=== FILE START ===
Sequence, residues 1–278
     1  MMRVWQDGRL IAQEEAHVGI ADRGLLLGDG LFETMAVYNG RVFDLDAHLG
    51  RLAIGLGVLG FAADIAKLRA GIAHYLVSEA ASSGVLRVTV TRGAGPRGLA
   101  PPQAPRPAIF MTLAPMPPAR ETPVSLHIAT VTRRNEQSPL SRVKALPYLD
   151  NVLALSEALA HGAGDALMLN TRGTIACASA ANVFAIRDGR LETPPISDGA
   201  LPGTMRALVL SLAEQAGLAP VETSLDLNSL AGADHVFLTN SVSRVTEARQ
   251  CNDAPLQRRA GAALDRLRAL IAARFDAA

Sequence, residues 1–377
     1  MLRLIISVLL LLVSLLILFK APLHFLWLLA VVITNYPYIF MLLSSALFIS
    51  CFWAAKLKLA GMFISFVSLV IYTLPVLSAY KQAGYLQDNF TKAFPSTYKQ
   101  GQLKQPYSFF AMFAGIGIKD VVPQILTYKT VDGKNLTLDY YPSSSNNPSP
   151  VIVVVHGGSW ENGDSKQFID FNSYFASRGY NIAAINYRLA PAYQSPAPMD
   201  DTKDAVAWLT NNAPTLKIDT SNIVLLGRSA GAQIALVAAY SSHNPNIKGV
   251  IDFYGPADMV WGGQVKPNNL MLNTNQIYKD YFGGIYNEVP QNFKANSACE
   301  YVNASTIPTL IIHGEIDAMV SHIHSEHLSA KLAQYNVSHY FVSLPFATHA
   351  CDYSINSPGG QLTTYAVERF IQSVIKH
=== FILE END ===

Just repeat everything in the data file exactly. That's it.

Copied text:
Sequence, residues 1–278
     1  MMRVWQDGRL IAQEEAHVGI ADRGLLLGDG LFETMAVYNG RVFDLDAHLG
    51  RLAIGLGVLG FAADIAKLRA GIAHYLVSEA ASSGVLRVTV TRGAGPRGLA
   101  PPQAPRPAIF MTLAPMPPAR ETPVSLHIAT VTRRNEQSPL SRVKALPYLD
   151  NVLALSEALA HGAGDALMLN TRGTIACASA ANVFAIRDGR LETPPISDGA
   201  LPGTMRALVL SLAEQAGLAP VETSLDLNSL AGADHVFLTN SVSRVTEARQ
   251  CNDAPLQRRA GAALDRLRAL IAARFDAA

Sequence, residues 1–377
     1  MLRLIISVLL LLVSLLILFK APLHFLWLLA VVITNYPYIF MLLSSALFIS
    51  CFWAAKLKLA GMFISFVSLV IYTLPVLSAY KQAGYLQDNF TKAFPSTYKQ
   101  GQLKQPYSFF AMFAGIGIKD VVPQILTYKT VDGKNLTLDY YPSSSNNPSP
   151  VIVVVHGGSW ENGDSKQFID FNSYFASRGY NIAAINYRLA PAYQSPAPMD
   201  DTKDAVAWLT NNAPTLKIDT SNIVLLGRSA GAQIALVAAY SSHNPNIKGV
   251  IDFYGPADMV WGGQVKPNNL MLNTNQIYKD YFGGIYNEVP QNFKANSACE
   301  YVNASTIPTL IIHGEIDAMV SHIHSEHLSA KLAQYNVSHY FVSLPFATHA
   351  CDYSINSPGG QLTTYAVERF IQSVIKH